OTTAWA — The Trudeau government's politically bruised promise to ensure "tax fairness" for the middle class took another beating Monday amid unfolding revelations about the widespread and perfectly legal practice among ultra-wealthy Canadians of harbouring cash in offshore tax havens.
Included among the 13.4 million leaked documents, dubbed the "Paradise Papers," were the names of former Liberal prime minister Jean Chretien and top party fundraiser Stephen Bronfman — the mere mention of whom gave fresh ammunition for the opposition to accuse Prime Minister Justin Trudeau of leading an ethically challenged government.
Neither the Canada Revenue Agency nor any court has determined that any of the Canadians identified in the documents did anything wrong, and both Bronfman and Chretien denied any involvement in offshore tax avoidance schemes.
Still, Conservative Leader Andrew Scheer branded Trudeau a hypocrite for aggressively seeking to end tax advantages for small businesses, while doing next to nothing to crack down on complicated tax haven schemes used by the super-rich.
Guy Caron, the NDP point man in the Commons, joined in the fray, accusing the CRA of always letting the "big fish" go when it comes to tax evasion.
Trudeau refused to talk about any specific cases mentioned in the documents, but vowed to investigate Canadian connections.
"We are fully committed to fighting evasion and tax avoidance. I will let individuals comment on their own situations, but in regards to the Paradise Papers, the CRA is reviewing links to Canadian entities and will take every appropriate action," he told the Commons during question period.
The details, released by members of the International Consortium of Investigative Journalists, mark the largest-ever leak of tax haven documents involving Canadians. The documents — client records from offshore law firm Appleby, as well as some records from offshore corporate services firms Estera and Asiaciti Trust — contain the names of more than 3,000 Canadians.
According to the Toronto Star and CBC/Radio Canada, records suggest Bronfman and his family's Montreal-based investment company, Claridge Inc., were linked to an offshore trust in the Cayman Islands. The report raised questions about a complicated series of transactions involving people with Liberal party ties.
In a statement, Bronfman said he made a single loan on an arm's-length, fully commercial basis some 25 years ago to the trust that was repaid five months later, a transaction that was fully in compliance with Canadian law.
Bronfman, a close personal friend of Trudeau, said he has never funded nor used offshore trusts, and that all his Canadian trusts have paid all federal taxes on their income.
"Stephen Bronfman is a proud Canadian and has always fully complied with all legal requirements, including with respect to taxes," the statement said.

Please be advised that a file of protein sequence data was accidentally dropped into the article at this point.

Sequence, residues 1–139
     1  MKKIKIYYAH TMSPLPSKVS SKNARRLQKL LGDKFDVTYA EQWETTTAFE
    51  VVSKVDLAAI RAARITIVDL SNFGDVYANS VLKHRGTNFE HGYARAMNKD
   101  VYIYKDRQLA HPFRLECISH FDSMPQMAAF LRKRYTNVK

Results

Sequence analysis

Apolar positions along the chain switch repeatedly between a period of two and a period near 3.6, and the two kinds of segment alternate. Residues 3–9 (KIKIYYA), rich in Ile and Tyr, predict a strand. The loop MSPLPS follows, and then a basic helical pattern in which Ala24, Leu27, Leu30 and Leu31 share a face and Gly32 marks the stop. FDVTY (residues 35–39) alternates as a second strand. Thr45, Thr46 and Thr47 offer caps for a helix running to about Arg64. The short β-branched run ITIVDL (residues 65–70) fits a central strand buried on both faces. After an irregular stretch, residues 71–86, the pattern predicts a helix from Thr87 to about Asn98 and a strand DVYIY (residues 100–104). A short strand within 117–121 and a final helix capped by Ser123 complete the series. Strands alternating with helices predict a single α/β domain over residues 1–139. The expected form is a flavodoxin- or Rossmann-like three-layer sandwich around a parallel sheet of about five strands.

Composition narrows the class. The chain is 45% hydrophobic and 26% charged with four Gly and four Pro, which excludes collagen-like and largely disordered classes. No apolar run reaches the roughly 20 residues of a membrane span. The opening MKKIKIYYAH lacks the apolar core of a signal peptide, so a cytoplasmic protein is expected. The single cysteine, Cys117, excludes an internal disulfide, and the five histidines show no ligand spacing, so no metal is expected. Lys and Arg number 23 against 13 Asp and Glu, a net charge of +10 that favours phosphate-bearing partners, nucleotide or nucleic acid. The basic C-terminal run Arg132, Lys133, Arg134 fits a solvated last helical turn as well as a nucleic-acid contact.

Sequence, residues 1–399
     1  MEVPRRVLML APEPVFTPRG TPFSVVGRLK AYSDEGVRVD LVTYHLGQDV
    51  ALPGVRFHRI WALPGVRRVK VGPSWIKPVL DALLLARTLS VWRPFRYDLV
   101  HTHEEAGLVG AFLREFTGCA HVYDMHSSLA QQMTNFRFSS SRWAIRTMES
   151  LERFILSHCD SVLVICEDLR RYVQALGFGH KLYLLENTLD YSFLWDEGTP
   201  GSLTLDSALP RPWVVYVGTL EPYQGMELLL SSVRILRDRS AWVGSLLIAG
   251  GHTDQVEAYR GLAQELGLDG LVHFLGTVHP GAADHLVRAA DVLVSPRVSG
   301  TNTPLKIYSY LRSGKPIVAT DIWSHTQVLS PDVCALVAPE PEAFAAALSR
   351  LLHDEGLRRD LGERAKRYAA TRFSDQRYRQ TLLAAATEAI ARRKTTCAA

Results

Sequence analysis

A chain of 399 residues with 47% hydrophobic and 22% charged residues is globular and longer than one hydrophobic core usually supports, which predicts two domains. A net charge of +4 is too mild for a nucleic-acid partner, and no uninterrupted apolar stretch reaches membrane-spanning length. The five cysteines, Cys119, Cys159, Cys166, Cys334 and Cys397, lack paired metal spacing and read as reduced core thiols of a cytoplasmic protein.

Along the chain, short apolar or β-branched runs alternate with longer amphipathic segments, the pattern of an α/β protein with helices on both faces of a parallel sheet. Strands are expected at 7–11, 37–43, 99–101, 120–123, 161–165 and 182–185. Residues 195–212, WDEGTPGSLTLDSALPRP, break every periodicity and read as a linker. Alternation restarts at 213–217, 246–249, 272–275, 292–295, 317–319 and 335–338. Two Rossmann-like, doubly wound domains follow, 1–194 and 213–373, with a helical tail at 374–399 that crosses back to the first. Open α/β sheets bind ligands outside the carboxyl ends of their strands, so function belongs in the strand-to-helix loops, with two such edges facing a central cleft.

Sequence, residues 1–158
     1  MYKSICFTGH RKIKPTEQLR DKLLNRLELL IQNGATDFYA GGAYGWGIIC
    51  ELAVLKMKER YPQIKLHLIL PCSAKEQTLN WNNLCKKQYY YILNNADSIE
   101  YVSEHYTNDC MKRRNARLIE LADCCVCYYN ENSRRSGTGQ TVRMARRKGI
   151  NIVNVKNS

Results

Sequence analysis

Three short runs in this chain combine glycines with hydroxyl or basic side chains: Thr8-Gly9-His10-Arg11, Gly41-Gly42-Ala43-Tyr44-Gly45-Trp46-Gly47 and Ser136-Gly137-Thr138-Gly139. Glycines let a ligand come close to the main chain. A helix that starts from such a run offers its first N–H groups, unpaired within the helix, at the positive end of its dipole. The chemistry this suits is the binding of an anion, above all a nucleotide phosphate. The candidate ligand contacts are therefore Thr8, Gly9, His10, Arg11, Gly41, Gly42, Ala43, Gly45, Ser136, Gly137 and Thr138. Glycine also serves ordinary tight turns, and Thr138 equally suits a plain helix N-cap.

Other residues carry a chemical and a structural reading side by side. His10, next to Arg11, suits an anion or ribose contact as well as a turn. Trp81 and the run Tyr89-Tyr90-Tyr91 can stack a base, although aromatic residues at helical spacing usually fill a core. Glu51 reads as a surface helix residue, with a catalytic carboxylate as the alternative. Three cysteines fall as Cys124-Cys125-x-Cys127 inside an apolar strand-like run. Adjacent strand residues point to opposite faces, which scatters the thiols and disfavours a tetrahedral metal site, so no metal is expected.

Also among the leaked documents was a register of investors in Madagascar Oil that lists Chretien as having received 100,000 stock options.
In a brief statement of his own, Chretien said Madagascar Oil was a client of Heenan Blaikie, a now-defunct Canadian law firm. As a lawyer with the firm, Chretien said he did some work for Madagascar Oil, but all fees were billed by and paid to the law firm itself.
"I never received any share options and I never had a bank account outside Canada," Chretien said. "Any news report that suggests I have or ever had or was associated in any way with any offshore account is false."
Tax avoidance measures involving offshore trusts are legal, provided that the trust is genuinely managed offshore and that Canadian taxes are paid on any Canadian contributions. And there may be other legitimate reasons for setting up an offshore account, including if you're a contractor doing work in a particular country.
"In setting up an offshore, you're not 'getting away with not paying your fair share of taxes,'" said Ian Lee, an assistant business professor from Carleton University.
"Offshore trusts are not illegal. What's illegal about offshore trusts is to not declare it to CRA."
The Paradise Papers are just the latest revelation to tarnish the Trudeau government's self-proclaimed title as champion of the middle class.
A plan to end put an end to wealthy individuals using incorporation to reduce their tax burden was widely perceived as an attack on small business owners, forcing the government to adjust or drop the proposals.
The government has also been forced to disown a CRA directive that employee discounts — including those given to minimum-wage workers in the retail sector — are considered taxable benefits. And it is still struggling to explain why diabetics are suddenly finding themselves ineligible for a long-standing disability tax credit.
The Liberals vowed to crack down on tax avoidance schemes when they first took office two years ago, pumping some $1 billion in new spending into the Canada Revenue Agency to collect unpaid taxes from Canadians who sheltered their income in low-tax havens. As the result of audits over the past two years, the agency says it has identified some $25 billion in unpaid taxes, interest and penalties but it's not saying how much has actually been collected to date from those using the schemes.
The federal government estimates it loses about $8.7 billion in tax revenue each year from individuals, not including corporations, who use offshore accounts and trusts.
With the latest revelations, the estimate is likely to exceed $10 billion, according to advocacy group Canadians for Tax Fairness.
Closing that gap is something Canada can't do alone, Families Minister Jean-Yves Duclos said after a cabinet meeting Monday.
"I think it's certainly something that requires a substantial amount of work with outside countries," Duclos said. "It's something that our government cannot do alone, so it has to do it with other countries and we're working quite hard on that, in fact."